Cranston ordered to pay ACLU $173,000

The school district that knowingly attempted to defy the constitution is being asked to pay the ACLU $173,000 in legal fees. And this is after the ACLU decided to give deep discounts:

The Rhode Island Chapter of the American Civil Liberties Union, which won a lawsuit against the Cranston School District for a religious display at Cranston High School West, filed a request for repayment of attorney’s fees in the amount of $173,000 in U.S. District Court today.

In a release, Steve Brown, executive director of the RIACLU, said the amount includes major discounts for hours of work by volunteer attorneys Lynette Labinger and Thomas Bender. He also said the amount is mindful of the school district’s budget woes in recent years.

“In terms of its complexity, the ACLU noted that the school district initially raised ten affirmative defenses when it filed its answer to the lawsuit. The amount sought by the ACLU attorneys pales in comparison to the attorneys’ fees that lawyers working with the Becket Fund, the national group that assisted the school district in defending the case, obtained in a church-state lawsuit two years ago. In that case from Colorado, dealing with a church zoning dispute, attorneys working with the Becket Fund were awarded over $1.25 million in attorneys’ fees for their work handling the case in the district court.”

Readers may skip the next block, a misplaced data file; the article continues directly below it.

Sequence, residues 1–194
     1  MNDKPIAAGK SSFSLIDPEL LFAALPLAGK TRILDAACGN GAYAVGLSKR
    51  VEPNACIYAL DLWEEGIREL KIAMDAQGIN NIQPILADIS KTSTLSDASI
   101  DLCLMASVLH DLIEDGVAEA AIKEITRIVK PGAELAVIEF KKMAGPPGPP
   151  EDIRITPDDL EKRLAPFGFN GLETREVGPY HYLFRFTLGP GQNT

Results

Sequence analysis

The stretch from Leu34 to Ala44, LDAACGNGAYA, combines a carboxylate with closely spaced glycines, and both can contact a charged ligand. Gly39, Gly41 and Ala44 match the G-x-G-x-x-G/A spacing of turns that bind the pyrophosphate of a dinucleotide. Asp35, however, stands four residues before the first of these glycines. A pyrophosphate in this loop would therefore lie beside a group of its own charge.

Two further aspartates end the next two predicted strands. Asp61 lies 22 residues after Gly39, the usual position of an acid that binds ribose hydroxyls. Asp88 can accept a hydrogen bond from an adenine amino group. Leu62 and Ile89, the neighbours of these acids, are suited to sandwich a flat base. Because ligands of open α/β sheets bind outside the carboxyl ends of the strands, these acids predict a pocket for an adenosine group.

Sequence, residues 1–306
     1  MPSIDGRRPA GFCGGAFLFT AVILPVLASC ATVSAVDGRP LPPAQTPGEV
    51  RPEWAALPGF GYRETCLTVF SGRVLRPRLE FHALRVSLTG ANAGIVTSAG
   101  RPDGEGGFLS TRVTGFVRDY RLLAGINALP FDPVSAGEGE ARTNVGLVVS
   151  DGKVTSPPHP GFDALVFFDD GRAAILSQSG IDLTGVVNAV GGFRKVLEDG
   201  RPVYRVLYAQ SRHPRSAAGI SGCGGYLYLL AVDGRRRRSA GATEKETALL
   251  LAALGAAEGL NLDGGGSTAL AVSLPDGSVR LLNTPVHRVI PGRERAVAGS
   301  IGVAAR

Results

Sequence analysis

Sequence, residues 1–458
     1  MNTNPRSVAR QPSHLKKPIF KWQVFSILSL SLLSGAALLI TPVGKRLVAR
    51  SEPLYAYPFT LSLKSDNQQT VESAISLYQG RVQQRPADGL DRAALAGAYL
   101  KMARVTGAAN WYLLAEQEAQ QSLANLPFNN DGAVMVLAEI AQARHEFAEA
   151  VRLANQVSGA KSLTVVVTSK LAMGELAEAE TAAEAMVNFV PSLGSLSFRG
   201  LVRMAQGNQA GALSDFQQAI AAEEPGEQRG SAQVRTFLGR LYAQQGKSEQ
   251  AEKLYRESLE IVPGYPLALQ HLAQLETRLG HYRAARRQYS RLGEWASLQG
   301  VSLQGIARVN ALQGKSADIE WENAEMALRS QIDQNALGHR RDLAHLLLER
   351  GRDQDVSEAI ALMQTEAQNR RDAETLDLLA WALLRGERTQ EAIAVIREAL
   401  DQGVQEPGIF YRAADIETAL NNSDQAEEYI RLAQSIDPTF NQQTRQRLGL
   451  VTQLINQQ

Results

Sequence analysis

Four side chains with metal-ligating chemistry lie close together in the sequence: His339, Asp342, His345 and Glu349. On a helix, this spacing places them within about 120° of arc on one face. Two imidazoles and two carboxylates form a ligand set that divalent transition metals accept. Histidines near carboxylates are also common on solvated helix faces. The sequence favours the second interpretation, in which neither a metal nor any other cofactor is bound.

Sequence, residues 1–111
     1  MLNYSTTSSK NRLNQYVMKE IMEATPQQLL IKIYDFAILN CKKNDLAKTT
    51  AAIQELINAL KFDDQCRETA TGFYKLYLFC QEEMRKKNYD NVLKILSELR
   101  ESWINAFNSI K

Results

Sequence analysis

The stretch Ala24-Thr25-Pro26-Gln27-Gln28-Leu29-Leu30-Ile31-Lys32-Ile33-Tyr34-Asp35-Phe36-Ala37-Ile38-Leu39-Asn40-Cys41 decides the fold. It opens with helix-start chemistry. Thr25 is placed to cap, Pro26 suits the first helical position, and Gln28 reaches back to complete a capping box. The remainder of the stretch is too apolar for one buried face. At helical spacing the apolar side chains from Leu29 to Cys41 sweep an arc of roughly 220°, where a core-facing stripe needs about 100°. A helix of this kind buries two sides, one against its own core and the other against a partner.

This is what these people get. If they really didn’t think they were going to lose this lawsuit, they had to at least know there was a possibility they would have to pay attorney fees. And for what? An old prayer banner? They should have just taken it down when it was brought to their attention. Hell, they could have even taken it down months after they were made aware of its problems:

“In fact, in an attempt to avoid the costs of litigation and spare the taxpayers, we waited eight months before filing suit in the hope that this matter could be informally resolve,” [Brown said].

Part of me is glad the school district has this bill. It would be ideal if they could spend the money in more fruitful ways, but they brought this on themselves. It isn’t what the students should get, but it is what the administrators deserve.

One Response

  1. I doubt it matters at all. No one has ever provided me a shred of evidence that money has any significant relationship to scholarship. It’s clear that dumping more money in school doesn’t automatically make them better, maybe taking money out will do the trick, who knows.

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